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The future is social: The importance of making meaningful connections



Blake cahill

Connections. I can’t think of a better word that more closely encapsulates what Philips is about. More than 120 years ago, when Gerard Philips watched his workshop light up as he connected the metal filament in his revolutionary glass lamp, the link between innovation and the customer was forged – and it’s never left us.

Today, the connections Philips makes with its customers are reciprocal. Through extraordinary technology, we can help people to live longer, richer and fuller lives and they can tell us in an instant what it is that truly motivates them, how a product has specifically connected with them, how we as a company can push our innovations to transform their lives in even more personal ways.


This is what drives our social strategy. To create an intimately connected business in which innovation is not just clever, it’s meaningful. And there are at least three ways in which this happens.

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First, control. Let’s return to our humble light bulb – which is no longer quite so humble. The Philips Hue allows customers to precisely change the shade of lighting in a room to match the mood – a pink-tinge for the morning perhaps, or a disco light effect for a Saturday night gathering. We innovate; the customer controls. And what bonds the two is a close and personally meaningful social connection that accepts that a product is not static, that there is a need to interact with it. It’s what we call a connected value proposition.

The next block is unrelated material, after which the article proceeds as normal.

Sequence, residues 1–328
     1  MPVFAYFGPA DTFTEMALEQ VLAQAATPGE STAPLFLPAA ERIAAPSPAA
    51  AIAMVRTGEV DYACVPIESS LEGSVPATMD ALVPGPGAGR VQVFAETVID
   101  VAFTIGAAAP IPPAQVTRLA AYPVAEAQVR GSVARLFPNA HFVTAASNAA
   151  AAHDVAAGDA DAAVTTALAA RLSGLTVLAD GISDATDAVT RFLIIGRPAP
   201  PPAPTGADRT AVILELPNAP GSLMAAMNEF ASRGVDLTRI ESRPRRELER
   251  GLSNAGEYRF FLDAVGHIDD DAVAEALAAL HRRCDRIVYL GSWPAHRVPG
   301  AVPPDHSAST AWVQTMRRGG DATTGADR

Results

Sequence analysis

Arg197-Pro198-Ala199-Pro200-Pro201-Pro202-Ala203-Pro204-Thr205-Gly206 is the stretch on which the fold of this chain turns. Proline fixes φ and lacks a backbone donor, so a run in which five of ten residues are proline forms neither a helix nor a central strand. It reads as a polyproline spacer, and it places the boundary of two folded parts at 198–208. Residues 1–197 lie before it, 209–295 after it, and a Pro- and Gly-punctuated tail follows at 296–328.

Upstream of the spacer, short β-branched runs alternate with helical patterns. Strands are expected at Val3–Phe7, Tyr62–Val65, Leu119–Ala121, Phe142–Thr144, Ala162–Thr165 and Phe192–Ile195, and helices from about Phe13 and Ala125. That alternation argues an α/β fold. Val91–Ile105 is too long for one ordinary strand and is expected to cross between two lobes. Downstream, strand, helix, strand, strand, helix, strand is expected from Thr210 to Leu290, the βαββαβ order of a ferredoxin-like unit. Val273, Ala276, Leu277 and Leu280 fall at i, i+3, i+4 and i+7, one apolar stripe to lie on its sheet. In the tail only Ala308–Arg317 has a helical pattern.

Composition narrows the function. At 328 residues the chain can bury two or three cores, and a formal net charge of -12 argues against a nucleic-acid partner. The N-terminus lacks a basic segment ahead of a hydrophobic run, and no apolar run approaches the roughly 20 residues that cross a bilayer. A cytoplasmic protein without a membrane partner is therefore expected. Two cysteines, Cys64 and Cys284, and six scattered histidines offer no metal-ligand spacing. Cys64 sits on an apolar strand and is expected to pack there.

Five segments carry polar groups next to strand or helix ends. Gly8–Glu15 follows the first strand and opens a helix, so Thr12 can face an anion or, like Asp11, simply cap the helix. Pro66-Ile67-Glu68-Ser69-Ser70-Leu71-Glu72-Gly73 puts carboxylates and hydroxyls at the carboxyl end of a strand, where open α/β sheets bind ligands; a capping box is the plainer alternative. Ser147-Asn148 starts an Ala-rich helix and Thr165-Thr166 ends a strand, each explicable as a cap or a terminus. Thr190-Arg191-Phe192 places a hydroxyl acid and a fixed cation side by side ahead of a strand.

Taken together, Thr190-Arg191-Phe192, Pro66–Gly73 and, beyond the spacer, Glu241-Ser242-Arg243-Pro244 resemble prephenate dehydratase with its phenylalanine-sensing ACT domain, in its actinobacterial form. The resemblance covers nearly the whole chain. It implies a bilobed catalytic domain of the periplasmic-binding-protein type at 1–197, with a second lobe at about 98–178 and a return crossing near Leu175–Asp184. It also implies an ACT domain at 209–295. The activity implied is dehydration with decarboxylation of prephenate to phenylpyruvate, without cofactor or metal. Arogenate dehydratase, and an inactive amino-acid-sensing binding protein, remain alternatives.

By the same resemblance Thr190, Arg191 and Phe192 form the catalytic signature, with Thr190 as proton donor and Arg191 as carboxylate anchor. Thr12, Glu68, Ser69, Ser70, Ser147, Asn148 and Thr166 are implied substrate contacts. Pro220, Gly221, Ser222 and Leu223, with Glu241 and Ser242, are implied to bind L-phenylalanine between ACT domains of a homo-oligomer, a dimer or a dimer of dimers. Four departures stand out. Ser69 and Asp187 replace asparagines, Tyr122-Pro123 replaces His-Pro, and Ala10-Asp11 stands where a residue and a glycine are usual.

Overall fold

Second, social allows us to participate in a dialogue in which the most important message is not what you say about your brand but what your customers say about it. Social isn’t just a tool to launch a campaign, it’s about being part of a meaningful experience in which a product, the consumer and the brand all exist within a unique and constantly changing ecosystem. And the more we interact and connect within it – and the greater speed with which we do so – the more beneficial the outcomes.


Third, social creates an endless supply of data in which customers’ behaviors, needs and desires – as well as those of business partners and governmental stakeholders – can be intricately analyzed so products can become even more meaningful to individuals, communities and even entire nations. Data allows us to adapt swiftly to the ways in which our products are used and to be geographically relevant. Our kitchen Airfryer, for instance, is used in entirely different ways by Russian cooks as it is by Singaporean cooks, so data allows us to localise according to culture.


This sort of engagement is what guides our social journey. Whether it’s through a new piece of connected technology or a website with interesting content, a mobile device, an app or social media forum, we can see what the customer is doing and optimize our service to them.


I believe that the future is social – which is why Philips has invested so much in building these connections.


Just as Gerard’s connected light bulb was the beginning, so the building of these connections is only the starting point of real interactions that bring meaning to people’s lives.

Blake Cahill

Blake Cahill

Global Head of Digital and Social Marketing

A senior executive with more than 20 years of business development experience, Blake is helping to lead Philips' international rebranding and expansion into new technologies and markets. With a strong background in executing highly complex and results-oriented strategies, Blake has led a series of marketing, creative, client management, product innovation and thought leadership projects for both Fortune 500 organisations and digital start-ups.

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